Herbal medicine: ingredients and methods

In herbal medicine, different parts of a plant can be used: the leaf, flower, seed, fruit, stem, wood, bark, roots, etc. Herbal materials furthermore include fresh juices, gums, fixed and essential oils, resins, dry powders. Herbal preparations are the basis for finished herbal products and may include comminuted or powdered herbal materials, extracts, tinctures and/or fatty oils of herbal materials. They are produced by well-known physical or biological processes, such as extraction, fractionation, purification and concentration, or by soaking or heating herbal materials in alcoholic beverages, in honey etc. But while the basic procedures are well-known, one should not overlook the fact that considerable skill and know-how may be required to carry them out correctly; for example, some plants contain highly poisonous ingredients, and care should be taken during the preparation process to destroy those. Finally, finished herbal products consist of herbal preparations made from one or more plants. They may also contain excipients, but no synthetic or allopathic medicines should have been added.

Figure 1 Some differences between allopathic and traditional or herbal medicines

 

allopathic drugs

traditional/herbal products

safety/efficacy:

new, not used in humans before; scientific/clinical data exist

used in humans since long time; usually no scientific/clinical data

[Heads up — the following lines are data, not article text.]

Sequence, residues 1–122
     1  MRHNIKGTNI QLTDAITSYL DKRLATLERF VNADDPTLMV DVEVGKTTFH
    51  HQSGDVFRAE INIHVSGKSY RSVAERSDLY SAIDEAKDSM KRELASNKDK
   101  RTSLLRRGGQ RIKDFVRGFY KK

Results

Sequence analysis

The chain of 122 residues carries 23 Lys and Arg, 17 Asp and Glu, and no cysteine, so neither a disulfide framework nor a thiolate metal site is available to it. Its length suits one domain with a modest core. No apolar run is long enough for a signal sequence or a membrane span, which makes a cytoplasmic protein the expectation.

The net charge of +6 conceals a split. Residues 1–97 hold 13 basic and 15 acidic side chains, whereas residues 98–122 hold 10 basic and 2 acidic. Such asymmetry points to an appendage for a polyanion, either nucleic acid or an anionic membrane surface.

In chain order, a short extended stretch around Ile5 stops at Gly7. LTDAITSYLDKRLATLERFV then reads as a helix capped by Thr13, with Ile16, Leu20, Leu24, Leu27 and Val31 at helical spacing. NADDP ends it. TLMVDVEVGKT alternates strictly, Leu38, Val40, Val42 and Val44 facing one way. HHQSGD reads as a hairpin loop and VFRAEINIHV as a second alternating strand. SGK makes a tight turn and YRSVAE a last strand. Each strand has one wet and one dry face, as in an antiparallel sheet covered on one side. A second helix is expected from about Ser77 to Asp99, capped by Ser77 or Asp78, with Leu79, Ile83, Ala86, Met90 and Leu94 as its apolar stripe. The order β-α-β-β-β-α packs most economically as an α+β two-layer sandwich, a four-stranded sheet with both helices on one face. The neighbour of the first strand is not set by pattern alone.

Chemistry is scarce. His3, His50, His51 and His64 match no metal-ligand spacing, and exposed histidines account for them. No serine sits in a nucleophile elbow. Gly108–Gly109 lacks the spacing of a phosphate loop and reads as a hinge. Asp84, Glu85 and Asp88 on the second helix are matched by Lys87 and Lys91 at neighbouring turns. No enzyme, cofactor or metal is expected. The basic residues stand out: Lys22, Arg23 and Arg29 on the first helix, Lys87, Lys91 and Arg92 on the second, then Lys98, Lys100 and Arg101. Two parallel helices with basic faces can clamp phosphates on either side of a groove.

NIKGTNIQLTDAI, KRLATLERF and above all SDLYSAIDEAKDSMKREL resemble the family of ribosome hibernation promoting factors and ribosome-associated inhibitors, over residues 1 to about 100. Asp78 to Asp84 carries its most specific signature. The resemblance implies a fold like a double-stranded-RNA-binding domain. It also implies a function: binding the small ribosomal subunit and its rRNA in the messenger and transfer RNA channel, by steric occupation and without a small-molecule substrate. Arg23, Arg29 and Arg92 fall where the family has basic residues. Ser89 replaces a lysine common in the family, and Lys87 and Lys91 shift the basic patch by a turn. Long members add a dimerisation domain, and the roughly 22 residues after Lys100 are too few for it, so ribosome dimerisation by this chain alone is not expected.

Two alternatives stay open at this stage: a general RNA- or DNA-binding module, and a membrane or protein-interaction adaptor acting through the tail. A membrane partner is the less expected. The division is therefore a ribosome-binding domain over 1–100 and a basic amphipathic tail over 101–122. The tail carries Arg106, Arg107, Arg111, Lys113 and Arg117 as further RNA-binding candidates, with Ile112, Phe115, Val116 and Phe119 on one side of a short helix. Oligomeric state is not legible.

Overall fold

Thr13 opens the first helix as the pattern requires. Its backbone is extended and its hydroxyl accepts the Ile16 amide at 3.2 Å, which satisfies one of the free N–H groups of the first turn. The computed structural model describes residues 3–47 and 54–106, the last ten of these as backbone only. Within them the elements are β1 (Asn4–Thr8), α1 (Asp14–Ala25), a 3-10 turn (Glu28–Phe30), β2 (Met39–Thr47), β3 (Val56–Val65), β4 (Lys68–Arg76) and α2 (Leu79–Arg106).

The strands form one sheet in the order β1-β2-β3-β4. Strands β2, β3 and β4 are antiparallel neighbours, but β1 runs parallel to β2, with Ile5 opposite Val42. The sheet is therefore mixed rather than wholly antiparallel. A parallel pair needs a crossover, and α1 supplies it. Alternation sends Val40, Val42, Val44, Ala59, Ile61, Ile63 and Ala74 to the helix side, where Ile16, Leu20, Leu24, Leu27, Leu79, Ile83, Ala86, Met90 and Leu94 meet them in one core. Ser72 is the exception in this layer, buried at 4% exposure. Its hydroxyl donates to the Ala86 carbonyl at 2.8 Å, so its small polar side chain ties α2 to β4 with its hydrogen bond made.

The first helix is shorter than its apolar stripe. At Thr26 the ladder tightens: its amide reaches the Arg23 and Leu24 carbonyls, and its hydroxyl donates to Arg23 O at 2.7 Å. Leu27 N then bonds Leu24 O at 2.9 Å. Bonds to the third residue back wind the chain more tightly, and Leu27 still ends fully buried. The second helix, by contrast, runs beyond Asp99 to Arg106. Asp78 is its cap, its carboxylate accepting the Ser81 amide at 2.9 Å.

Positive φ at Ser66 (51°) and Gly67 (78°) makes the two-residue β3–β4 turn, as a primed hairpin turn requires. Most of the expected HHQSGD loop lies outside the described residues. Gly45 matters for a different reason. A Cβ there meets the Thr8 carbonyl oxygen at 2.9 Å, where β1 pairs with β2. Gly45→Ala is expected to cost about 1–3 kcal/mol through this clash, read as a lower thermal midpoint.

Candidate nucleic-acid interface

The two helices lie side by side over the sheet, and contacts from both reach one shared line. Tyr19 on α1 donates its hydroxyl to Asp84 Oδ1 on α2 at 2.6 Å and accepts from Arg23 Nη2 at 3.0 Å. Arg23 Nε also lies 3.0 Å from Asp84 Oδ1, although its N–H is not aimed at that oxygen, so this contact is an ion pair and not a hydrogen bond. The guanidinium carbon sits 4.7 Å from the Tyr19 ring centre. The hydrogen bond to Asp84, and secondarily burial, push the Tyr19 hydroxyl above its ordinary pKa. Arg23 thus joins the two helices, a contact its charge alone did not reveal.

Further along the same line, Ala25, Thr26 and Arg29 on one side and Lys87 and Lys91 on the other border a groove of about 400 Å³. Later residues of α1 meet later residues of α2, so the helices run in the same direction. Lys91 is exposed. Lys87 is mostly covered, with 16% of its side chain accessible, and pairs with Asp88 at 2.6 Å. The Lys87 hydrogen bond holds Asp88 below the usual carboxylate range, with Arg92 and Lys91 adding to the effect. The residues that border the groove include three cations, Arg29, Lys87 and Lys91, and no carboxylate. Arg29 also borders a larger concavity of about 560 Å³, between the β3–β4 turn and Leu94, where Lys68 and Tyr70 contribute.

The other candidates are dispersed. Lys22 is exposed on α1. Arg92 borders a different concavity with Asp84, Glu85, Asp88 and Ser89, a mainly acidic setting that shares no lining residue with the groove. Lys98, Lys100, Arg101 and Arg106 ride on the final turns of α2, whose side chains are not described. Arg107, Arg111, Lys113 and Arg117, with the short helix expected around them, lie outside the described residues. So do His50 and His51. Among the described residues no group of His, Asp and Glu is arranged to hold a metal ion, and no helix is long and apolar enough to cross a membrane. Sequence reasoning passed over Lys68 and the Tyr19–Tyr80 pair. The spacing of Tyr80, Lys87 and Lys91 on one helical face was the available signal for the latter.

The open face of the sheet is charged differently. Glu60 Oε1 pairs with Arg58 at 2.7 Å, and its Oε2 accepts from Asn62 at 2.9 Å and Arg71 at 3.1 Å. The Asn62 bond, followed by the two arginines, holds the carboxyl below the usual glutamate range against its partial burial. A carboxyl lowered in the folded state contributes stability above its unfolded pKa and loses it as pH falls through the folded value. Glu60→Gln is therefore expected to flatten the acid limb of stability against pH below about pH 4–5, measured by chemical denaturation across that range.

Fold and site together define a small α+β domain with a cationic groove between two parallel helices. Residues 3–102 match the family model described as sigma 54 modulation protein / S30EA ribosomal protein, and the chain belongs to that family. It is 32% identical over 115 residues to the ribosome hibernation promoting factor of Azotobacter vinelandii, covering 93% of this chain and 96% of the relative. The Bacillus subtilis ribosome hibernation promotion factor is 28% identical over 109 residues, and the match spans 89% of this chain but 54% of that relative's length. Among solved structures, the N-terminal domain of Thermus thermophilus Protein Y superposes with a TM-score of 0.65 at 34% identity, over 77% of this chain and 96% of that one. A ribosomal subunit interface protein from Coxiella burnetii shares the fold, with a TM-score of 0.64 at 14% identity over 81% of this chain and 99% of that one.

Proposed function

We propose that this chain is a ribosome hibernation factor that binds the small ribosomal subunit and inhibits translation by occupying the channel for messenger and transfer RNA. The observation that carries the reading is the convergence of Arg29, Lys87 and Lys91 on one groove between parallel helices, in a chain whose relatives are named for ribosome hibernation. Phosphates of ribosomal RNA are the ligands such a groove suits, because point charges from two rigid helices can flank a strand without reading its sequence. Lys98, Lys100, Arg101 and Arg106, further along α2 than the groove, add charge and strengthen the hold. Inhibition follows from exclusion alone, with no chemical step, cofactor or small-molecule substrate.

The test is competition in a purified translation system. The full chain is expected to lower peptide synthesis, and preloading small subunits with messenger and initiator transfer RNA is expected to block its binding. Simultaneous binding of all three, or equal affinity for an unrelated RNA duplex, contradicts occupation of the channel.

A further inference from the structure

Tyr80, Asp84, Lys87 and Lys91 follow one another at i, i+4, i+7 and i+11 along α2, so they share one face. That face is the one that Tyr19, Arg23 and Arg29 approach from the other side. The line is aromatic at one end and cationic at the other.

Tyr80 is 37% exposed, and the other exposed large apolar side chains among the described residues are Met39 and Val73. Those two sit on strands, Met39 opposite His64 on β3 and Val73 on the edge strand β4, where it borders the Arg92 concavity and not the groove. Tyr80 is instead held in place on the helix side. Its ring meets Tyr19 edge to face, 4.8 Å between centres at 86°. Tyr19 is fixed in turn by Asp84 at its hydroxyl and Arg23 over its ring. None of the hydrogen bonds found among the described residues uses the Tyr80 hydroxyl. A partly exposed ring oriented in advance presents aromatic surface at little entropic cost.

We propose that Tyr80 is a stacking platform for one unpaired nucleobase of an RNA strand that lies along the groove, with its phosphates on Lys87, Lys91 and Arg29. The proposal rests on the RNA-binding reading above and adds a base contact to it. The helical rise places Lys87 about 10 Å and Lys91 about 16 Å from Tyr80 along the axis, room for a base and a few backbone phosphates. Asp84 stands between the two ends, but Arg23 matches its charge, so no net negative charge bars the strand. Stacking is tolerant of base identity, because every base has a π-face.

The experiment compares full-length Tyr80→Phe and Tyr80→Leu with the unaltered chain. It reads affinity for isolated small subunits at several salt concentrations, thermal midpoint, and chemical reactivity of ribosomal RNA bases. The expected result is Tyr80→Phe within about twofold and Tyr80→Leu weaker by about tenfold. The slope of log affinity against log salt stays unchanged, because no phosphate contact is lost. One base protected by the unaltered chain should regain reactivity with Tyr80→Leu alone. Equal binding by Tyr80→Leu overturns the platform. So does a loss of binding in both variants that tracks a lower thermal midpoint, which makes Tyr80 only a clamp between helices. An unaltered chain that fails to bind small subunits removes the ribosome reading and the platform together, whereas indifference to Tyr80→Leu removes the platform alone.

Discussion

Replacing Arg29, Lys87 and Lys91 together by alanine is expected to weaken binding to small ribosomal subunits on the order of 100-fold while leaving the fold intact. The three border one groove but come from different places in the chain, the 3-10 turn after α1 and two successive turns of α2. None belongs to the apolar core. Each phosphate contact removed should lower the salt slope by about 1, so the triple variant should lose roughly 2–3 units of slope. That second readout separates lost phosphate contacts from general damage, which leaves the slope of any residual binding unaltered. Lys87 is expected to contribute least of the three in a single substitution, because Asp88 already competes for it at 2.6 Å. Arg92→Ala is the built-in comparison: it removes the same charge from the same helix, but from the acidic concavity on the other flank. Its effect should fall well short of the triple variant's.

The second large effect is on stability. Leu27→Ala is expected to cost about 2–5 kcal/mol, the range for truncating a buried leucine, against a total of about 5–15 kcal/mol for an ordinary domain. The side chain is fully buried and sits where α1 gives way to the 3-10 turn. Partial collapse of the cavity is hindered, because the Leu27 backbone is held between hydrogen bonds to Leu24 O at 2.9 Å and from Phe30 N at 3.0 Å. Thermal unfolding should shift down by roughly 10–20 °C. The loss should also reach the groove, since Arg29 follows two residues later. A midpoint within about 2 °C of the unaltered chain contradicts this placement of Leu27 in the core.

chemical composition:

one or a few compounds; purified or synthetic

mixture with many compounds; natural

active ingredients:

clearly identified

often not known or uncertain

quality control:

relatively easy

very complicated

Increasingly, countries are developing regulations regarding the registration of traditional medicine, in order to allow only products of which at least the safety and quality are proven on the market.

Access and sales

In many developing countries, a large part of the population, especially in rural areas, depends mainly or exclusively on traditional medicine for their primary health care. It has for example been reported that over 65% of the Indian population only has access to traditional systems of medicines. In Africa, 60 to 90% of the population use traditional medicine as their first line treatment.

In most Asian countries, even though allopathic medicine is available, traditional medicine is still very popular, for historic and cultural reasons. This is even the case in a highly developed country like Japan. Similarly, in other industrialized countries, the use of complementary and alternative medicine is increasing - in 1993, a landmark survey found that 1 in 3 adults in the US use some form of alternative medicine, and this seems to have increased since. As a result, in 2000, the world market for herbal medicines including raw materials- has been estimated at 43 billion US dollars (see also figure 2). Furthermore, it is interesting to note that, in the US, OTC sales of herbal medicines doubled between 1991 and 1994, and then again between 1994 and 1998. Similar steep increases in sales of herbal medicines have been reported in the EEC, while growth in sales was even fasterin China and Korea.


Figure 2 World market of herbal medicines

Source: Secretariat of the CBD, 2000.

Yet it is important to keep in mind that, while herbal medicines represent an alternative, an option, for people in industrialized countries, they often are the only alternative for large parts of the population in developing countries.